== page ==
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50 years of Iranian contemporary art on show in Paris

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50 years of Iranian contemporary art on show in Paris

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A new exhibition in Paris takes an unprecedented view of contemporary Iranian art including some works never seen before in France.

Offering a chronological look at the country’s heritage, the show is organised in sections, ranging from the 1960s to the 1979 revolution, the Iran-Iraq conflict, and the postwar period up until today.

Much of the pre-1979 material comes the archives of the Shiraz-Persepolis Festival of Arts, an international event held every summer until 1977, which unfolded primarily through music, drama, dance and film.

“The festival itself was a very liberal space within Iran at the time, and also a very contested space,” says the exhibition’s curator Vali Mahlouji.

“We can very clearly say that, for example, Iranian music has benefited fundamentally from the festival. Films were premiered at the festival. In theatre, it was a new platform for contemporary Iranian theatre. So this is just a brief mention about some of the legacies of the festival,” he adds.

The second part of the exhibition focuses on the revolution and the war with Iraq.

While the political upheaval put the brakes on the more modernist, subversive artistic movements of pre-revolutionary Iran, creative expression was by no means halted. Photographs, films and installations testify to the bravery of some artists in the face of state repression.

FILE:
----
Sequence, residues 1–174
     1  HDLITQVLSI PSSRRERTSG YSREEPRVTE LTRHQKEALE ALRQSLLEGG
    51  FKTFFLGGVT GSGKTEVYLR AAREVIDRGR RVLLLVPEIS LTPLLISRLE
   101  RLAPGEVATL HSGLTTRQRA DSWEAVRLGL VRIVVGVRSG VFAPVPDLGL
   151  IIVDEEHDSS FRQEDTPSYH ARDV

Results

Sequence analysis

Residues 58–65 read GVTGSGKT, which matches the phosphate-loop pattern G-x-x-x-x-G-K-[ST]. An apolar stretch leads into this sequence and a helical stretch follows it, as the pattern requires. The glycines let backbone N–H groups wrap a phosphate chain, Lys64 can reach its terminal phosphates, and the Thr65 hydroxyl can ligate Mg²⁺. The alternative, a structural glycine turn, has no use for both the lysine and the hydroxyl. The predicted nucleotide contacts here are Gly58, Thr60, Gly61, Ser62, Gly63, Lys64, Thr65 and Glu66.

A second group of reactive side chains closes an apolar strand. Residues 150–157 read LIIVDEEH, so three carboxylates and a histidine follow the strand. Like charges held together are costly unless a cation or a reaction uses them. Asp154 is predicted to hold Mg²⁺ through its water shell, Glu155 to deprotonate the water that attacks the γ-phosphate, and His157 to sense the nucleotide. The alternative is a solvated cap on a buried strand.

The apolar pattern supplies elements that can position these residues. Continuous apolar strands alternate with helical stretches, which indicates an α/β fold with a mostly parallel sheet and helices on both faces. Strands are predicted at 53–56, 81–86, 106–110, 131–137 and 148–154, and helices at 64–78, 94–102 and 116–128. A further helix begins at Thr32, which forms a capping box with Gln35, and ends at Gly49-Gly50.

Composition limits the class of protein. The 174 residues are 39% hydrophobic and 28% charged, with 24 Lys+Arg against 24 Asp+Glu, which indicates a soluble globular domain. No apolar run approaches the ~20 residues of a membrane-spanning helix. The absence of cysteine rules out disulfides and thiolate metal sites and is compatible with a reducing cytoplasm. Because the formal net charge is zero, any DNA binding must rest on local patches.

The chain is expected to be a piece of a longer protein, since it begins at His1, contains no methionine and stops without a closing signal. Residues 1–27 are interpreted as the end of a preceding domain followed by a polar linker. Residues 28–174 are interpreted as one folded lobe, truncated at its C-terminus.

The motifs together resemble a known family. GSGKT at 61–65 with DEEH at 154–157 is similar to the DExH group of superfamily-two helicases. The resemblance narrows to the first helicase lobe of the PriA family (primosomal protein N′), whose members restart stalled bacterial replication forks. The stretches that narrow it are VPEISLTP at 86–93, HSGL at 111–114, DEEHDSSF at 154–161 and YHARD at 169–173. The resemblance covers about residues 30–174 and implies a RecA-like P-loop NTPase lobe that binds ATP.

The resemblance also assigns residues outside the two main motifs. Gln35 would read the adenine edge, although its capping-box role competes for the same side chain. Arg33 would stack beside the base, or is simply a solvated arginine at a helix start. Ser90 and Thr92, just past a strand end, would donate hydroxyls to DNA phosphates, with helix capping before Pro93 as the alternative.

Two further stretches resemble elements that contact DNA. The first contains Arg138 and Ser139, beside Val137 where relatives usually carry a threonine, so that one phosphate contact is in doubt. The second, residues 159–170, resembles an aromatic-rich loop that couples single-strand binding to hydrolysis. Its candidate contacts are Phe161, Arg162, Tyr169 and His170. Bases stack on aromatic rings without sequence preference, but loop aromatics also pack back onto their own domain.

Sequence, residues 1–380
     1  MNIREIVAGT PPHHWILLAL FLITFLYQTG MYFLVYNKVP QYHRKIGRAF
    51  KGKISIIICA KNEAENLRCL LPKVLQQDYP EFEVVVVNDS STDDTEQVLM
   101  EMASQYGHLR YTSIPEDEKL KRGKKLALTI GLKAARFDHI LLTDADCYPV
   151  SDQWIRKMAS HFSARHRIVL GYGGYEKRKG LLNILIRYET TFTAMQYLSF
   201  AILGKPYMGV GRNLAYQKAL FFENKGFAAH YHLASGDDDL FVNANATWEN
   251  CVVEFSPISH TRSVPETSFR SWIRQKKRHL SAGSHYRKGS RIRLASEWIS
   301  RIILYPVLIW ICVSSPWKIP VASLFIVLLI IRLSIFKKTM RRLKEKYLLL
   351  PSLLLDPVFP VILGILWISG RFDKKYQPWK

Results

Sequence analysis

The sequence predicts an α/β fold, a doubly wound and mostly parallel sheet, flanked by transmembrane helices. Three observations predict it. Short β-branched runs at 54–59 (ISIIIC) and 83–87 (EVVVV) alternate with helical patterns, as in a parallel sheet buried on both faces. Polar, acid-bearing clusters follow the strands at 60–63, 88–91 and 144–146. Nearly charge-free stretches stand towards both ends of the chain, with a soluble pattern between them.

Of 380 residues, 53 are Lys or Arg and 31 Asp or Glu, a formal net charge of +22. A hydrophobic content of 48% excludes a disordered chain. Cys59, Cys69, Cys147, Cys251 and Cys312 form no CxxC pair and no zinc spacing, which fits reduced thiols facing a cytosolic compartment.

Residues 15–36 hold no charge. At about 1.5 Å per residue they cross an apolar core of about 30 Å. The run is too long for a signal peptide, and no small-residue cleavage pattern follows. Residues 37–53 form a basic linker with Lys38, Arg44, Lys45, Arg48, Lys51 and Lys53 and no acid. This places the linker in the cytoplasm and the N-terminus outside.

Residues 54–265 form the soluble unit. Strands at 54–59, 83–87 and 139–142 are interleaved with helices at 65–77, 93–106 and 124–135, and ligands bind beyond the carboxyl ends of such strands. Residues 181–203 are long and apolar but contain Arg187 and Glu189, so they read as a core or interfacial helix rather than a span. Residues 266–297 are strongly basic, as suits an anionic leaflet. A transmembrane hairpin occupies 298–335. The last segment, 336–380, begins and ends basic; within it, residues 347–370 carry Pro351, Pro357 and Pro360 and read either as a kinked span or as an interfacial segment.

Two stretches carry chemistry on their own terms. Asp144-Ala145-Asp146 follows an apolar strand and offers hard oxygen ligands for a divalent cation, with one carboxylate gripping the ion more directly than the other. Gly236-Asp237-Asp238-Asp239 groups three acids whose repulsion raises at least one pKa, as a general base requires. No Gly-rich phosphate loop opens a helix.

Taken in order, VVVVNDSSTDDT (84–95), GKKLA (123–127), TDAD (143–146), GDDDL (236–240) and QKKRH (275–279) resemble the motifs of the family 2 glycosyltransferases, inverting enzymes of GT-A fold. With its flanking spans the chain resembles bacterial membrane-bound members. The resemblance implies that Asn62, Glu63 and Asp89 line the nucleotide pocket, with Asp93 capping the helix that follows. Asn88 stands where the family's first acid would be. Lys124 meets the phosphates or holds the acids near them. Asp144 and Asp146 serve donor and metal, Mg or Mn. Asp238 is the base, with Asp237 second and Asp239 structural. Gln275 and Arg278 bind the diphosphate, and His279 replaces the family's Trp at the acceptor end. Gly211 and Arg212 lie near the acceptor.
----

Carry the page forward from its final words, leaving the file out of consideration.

“It seems that most of the time, the war and the revolution were like a blind spot in our art history,” says co-curator Morad Montazemi. “That’s what we wanted to illustrate, despite the violence and the problems, it was important to show these works, because they allows people to change their thinking about contemporary art in Iran.”

Documentaries and photographs of the chemical bombings of Halabja and Sardasht by Saddam Hussein tell of the tens of thousands of Iranians and Iraqi Kurds killed during the war.

In the third part, which documents the post-war period up until today, photographs, films and installations bear witness to modern-day Iran.

“Art is the reflection of a people’s will. This exhibition allows visitors to come out with their own interpretation of contemporary Iranian history. It’s a way for Iran to free itself from the weight of historical storytelling,” says euronews correspondent Omid Lahabi at the exhibition.

UNEDITED HISTORY, Iran 1960-2014’ runs at the Musée d’Art Moderne de la Ville de Paris until the end of August.

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